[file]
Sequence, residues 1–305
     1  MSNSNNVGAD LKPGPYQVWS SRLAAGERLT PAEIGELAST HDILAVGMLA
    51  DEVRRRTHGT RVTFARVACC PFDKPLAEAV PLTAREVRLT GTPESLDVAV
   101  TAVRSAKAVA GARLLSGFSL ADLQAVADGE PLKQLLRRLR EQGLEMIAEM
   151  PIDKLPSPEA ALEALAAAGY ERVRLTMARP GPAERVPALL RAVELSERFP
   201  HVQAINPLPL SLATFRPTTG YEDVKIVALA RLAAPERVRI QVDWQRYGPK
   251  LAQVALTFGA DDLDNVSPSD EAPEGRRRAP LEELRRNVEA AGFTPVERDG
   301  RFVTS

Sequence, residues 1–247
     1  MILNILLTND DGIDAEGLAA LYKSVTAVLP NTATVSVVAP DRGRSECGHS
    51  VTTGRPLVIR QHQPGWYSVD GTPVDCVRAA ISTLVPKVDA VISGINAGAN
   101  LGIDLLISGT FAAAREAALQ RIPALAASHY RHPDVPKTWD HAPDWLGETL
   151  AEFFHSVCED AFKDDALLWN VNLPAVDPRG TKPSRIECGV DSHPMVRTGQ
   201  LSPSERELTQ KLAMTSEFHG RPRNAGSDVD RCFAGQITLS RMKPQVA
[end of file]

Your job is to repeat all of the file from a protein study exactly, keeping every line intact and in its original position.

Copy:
Sequence, residues 1–305
     1  MSNSNNVGAD LKPGPYQVWS SRLAAGERLT PAEIGELAST HDILAVGMLA
    51  DEVRRRTHGT RVTFARVACC PFDKPLAEAV PLTAREVRLT GTPESLDVAV
   101  TAVRSAKAVA GARLLSGFSL ADLQAVADGE PLKQLLRRLR EQGLEMIAEM
   151  PIDKLPSPEA ALEALAAAGY ERVRLTMARP GPAERVPALL RAVELSERFP
   201  HVQAINPLPL SLATFRPTTG YEDVKIVALA RLAAPERVRI QVDWQRYGPK
   251  LAQVALTFGA DDLDNVSPSD EAPEGRRRAP LEELRRNVEA AGFTPVERDG
   301  RFVTS

Sequence, residues 1–247
     1  MILNILLTND DGIDAEGLAA LYKSVTAVLP NTATVSVVAP DRGRSECGHS
    51  VTTGRPLVIR QHQPGWYSVD GTPVDCVRAA ISTLVPKVDA VISGINAGAN
   101  LGIDLLISGT FAAAREAALQ RIPALAASHY RHPDVPKTWD HAPDWLGETL
   151  AEFFHSVCED AFKDDALLWN VNLPAVDPRG TKPSRIECGV DSHPMVRTGQ
   201  LSPSERELTQ KLAMTSEFHG RPRNAGSDVD RCFAGQITLS RMKPQVA